An Engineer’s Professional Liability Case in New Hampshire

Design Professionals Do Have ChoicesIn a recent case against an Engineer performing residential home inspections in the State of New Hampshire, the court dismissed the case and awarded attorney’s fees against the Plaintiff Homeowner.

The case was filed by a Homeowner who obtained a home inspection from Engineer prior to purchasing a home in northern New Hampshire. Homeowner and Engineer contracted for Engineer to provide a limited visual inspection of the premises. Specifically excluded from the scope of the inspection was any requirement that the Engineer open any walls, disassemble or inspect any fixtures, move any furnishings or conduct any destructive testing. The Contract for Services also provided that in the event of litigation where the Engineer prevails, the Homeowner would have to pay the Engineer’s costs, including reasonable attorney’s fees.

The inspection was conducted in July of 2010 and the Engineer’s inspection report noted that based on the scope of the inspection, the home and its various components and appliances appeared to be in relatively good working condition. The report noted some areas where minor repair or maintenance was recommended, but found no major deficiencies in the home and mentioned no evidence of any rodent infestation.

The Homeowner purchased the home in August of 2010 and occupied the premises in September of 2010. Shortly after moving in, the Homeowner contended that several deficiencies were discovered in the home. Most importantly, the Homeowner contended that the home suffered from a major rodent infestation, which resulted in significant problems with the electrical system. In addition, the Homeowner claims that the house was very poorly insulated. During the following two and a half years, the Homeowner embarked on a renovation process in which every wall of the home was opened, all wiring was replaced, insulation was upgraded, every window of the home was replaced, one of the house’s two chimneys was replaced (the other was removed entirely) and plans were made to completely replace the roof. The price of all this work came to approximately $217,000.00. The Homeowner claimed that the Engineer was responsible for these costs and alleged that the issues discovered in the home should have been uncovered during the home inspection.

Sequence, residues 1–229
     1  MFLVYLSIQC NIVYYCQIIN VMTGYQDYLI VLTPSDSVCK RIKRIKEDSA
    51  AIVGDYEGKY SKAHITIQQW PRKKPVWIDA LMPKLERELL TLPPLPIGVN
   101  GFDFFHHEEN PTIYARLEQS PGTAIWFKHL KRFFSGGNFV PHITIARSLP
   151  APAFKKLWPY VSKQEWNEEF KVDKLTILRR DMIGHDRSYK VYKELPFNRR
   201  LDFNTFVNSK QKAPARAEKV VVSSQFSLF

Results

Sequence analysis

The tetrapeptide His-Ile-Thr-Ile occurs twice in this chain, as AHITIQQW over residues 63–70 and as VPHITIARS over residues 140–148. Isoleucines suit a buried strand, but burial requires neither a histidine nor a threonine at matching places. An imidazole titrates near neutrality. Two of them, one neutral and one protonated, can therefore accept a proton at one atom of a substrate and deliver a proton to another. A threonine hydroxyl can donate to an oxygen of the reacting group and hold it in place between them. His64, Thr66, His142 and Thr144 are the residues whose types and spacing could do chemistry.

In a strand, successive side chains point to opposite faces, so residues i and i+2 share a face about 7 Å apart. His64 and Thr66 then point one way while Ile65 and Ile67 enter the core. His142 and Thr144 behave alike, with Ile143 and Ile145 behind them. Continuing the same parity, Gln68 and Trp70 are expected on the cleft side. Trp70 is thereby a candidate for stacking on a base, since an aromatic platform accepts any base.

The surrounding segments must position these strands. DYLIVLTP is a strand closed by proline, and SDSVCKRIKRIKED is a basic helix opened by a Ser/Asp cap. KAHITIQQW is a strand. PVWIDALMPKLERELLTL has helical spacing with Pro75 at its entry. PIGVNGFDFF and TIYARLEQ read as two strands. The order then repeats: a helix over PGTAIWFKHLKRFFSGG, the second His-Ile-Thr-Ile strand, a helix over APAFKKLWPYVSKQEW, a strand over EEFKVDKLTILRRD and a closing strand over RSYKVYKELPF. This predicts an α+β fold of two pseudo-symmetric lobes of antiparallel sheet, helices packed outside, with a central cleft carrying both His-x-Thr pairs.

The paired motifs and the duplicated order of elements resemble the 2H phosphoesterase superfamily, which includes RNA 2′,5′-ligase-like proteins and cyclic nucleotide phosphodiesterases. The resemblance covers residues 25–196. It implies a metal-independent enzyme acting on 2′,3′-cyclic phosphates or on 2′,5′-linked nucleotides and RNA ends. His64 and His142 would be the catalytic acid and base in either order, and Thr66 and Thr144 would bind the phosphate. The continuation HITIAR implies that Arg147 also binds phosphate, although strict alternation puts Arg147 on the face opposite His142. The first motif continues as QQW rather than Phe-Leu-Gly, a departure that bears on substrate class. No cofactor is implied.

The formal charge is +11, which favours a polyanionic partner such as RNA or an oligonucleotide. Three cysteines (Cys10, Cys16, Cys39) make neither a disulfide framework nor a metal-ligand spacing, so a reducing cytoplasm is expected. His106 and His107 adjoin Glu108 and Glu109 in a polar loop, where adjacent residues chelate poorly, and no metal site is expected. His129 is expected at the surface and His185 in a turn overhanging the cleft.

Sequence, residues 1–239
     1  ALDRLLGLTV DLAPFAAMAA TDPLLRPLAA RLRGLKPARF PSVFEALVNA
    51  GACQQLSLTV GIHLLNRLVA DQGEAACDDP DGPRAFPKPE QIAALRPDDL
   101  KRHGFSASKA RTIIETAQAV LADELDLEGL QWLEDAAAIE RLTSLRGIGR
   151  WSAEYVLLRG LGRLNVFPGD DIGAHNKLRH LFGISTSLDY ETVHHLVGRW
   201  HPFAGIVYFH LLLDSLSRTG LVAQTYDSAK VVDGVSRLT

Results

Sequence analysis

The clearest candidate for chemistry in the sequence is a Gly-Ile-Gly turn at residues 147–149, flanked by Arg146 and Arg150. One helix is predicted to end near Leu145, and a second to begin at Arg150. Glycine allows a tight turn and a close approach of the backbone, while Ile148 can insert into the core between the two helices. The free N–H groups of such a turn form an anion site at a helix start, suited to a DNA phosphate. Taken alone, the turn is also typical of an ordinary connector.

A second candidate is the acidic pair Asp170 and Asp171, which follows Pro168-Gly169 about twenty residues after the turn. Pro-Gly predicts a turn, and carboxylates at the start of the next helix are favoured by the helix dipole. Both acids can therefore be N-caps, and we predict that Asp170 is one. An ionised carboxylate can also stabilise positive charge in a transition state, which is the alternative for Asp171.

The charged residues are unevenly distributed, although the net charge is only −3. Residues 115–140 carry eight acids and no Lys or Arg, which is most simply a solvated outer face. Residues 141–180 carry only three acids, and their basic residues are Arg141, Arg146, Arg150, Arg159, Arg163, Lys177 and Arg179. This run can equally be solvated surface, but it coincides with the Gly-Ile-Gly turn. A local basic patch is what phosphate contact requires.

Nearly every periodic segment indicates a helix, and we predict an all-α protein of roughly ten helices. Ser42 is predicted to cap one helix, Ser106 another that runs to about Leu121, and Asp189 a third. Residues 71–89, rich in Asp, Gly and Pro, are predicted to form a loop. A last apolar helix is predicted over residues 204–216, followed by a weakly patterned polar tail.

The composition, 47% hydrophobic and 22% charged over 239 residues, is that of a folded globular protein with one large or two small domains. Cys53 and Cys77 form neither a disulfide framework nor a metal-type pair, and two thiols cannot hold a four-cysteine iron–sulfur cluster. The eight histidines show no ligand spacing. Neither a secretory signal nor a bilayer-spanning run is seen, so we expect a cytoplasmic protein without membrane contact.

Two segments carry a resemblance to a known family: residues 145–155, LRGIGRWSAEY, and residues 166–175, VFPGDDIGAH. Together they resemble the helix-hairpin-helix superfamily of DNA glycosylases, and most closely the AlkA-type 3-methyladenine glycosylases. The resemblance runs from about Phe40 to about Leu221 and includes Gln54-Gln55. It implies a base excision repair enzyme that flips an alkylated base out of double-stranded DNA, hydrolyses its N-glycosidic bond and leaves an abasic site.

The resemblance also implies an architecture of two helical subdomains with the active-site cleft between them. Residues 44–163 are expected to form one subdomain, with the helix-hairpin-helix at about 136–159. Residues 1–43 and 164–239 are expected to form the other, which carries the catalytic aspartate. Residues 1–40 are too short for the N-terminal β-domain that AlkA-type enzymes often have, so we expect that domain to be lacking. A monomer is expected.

Filing suit against the Engineer and the Sellers of the home in Superior Court, the Homeowner asserted claims against the Engineer for breach of contract, negligence and violation of New Hampshire’s Consumer Protection Act. After some discovery, including a lengthy deposition of the Homeowner, a Motion for Summary Judgment was filed arguing that the Homeowner could not show that the home’s alleged issues would have been evident during the inspection, that discovery of these issues (if they did exist at the time of the inspection) would have required testing and examination beyond the scope of the inspection, that the Engineer satisfied the terms of the Agreement for Services in performing the inspection and that the Homeowner had failed to disclose an expert witness with any proven expertise in home inspection who could opine as to the Engineer’s standard of care in conducting the inspection. The Summary Judgment Motion also requested an award of attorney’s fees according to the Agreement for Services.

The Court entered judgment in favor of the Engineer on each count of the complaint, finding that the Homeowner had introduced no evidence establishing that the alleged defects would have been evident to the Engineer conducting the contracted limited visual inspection. The court also awarded the Engineer his attorney’s fees incurred in defending the lawsuit.